6 Old School Lures YOU Should Use

Ever been to a garage sale, found an old tackle box, looked in it and said what the heck is that? Or been rummaging through grandpa’s tackle box and thought hmmm…. that goofy thing might actually catch fish.

Old school lures are making a comeback. We’re not talking about the antique lures that you see in glass cases at Bass Pro Shops or Cabela’s. We’re talking old school lures that your dad or granddad used back in the 60’s or 70’s. Stuff that is probably still on the pegs at Bass Pro because they still work. Many times they’ll work better than the new stuf simply because they have an action the fish have never seen.

Here is our list of the top 6 Old School lures you should have in your tackle box.

Worden Flatfish

old school lures you should use

Still one of the most popular trolling lures for Lake Trout and Salmon, the Yakima – Worden flatfish used to be a top bass fishing lure. With it’s crazy wide wobble this bait screams “I’m a wounded bait fish, get over here and eat me…”. Color combos on the Flatfish are crazy too, pick something that mimics the bait fish in your pond and you should be good to go,

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Original Rapala Floater

old school lures you need

You probably have one or two of these hanging around in the garage or an old 370 box somewhere. Still one of the best selling lures on the planet because it flat works. Not as aggressive as a stickbait, there’s no jerk, jerk, pause with this guy. It actually works best just like you threw it as a kid; cast let the ripples dissipate and then a slow to medium constant retrieve. It can be lights out around boat docks and other cover where fish suspend, a couple of short pauses once it reaches it divining depth (about 2′) when your next to cover may be all that’s needed to draw strike from lure weary bass.



old school lures you need Noisy as hell? – Check

Big wake and commotion on the surface? – Check

Stupid good at night? – Check

You knew we couldn’t put together this list without including the Jitterbug. Every old tackle box had at least one in it, usually in black or a frog pattern. With a massive wide wobble and big wake behind it this was the original wake bait. A lot of anglers still throw a Jitterbug at night, this is where this bait really shines but along a shady, steep bluff wall it can be a daytime killer as well.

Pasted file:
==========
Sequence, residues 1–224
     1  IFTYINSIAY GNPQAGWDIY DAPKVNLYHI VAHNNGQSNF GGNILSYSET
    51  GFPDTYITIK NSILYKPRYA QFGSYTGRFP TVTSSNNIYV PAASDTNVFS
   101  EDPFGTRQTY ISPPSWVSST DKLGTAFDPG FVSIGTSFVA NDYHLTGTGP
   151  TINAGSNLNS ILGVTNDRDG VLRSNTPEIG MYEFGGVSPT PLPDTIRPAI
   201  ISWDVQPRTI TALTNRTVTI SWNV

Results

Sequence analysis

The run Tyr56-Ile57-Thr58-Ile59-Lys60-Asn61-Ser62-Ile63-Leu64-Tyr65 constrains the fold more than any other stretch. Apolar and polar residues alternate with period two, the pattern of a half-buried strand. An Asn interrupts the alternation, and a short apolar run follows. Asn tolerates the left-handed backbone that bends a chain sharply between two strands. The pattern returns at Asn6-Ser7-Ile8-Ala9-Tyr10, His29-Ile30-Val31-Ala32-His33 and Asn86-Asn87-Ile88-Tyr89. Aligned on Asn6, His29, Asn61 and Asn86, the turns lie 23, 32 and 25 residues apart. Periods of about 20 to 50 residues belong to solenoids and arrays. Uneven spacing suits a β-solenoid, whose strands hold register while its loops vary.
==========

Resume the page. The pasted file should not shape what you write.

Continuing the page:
Devils Horse

old school fishing lures

One noisy bait deserves another. The Smithwick Devil’s Horse is a classic pencil style topwater with a prop at both ends. Walked across the surface it has the same action as modern pencil baits but add the occasional rip and it spits water like a buzzbait. The beauty of a Devil’s Horse is the ability to work it at just about any speed, from dead slow to a fast rip all depending on how active and aggressive the fish are.


Rigged Plastic Worms

old school lures Before there were Senkos, before floating worms, there were pre-rigged plastic worms. Multiple small exposed hooks on heavy mono rigged through the body of the lure like a live bait rig these were the deal in 60’s. Creme Scoundrel, Kelly’s Plow Jockey and Bass Nabber all of them were how you fish soft plastics in the 60’s. Granted you’re not gonna lob one of these into the next brush pile you come across but rig it weightless and throw it around flooded grass or buck brush, around the shallow side of docks you might be surprised how many hits they generate.

Twin Spin

old school lures Before the A-Rig and multi blade spinnerbaits there was the Twin Spin. Usually tied with craft hair or buck tail as a skirt the Twin Spin was the first school of fish spinning lure on the market. Designed to fish slower than spinnerbaits are today it was a bluff and steep bank fish catching machine. Blades were attached so they would helicopter when the bait was falling, practically snag proof with two wire arms protecting the hook, slow rolling was the norm with a Twin Spin in deep clear reservoirs. Modern incarnations are available with silicone skirts and a variety of blades but in the winter when the bite gets tough savvy anglers will pull out an old school Twin Spin and sack ’em up on bluff walls.

So how many of these are in your tackle box right now? Maybe in that box in the corner of the shop or garage? Take a look and see, if not it would be worth it to put a couple of these in the boat for the next time things turn tough, heck most of them are cheap and chances are you can find ’em at your local tackle store. Try a little old school and see, the fish won’t know what hit them.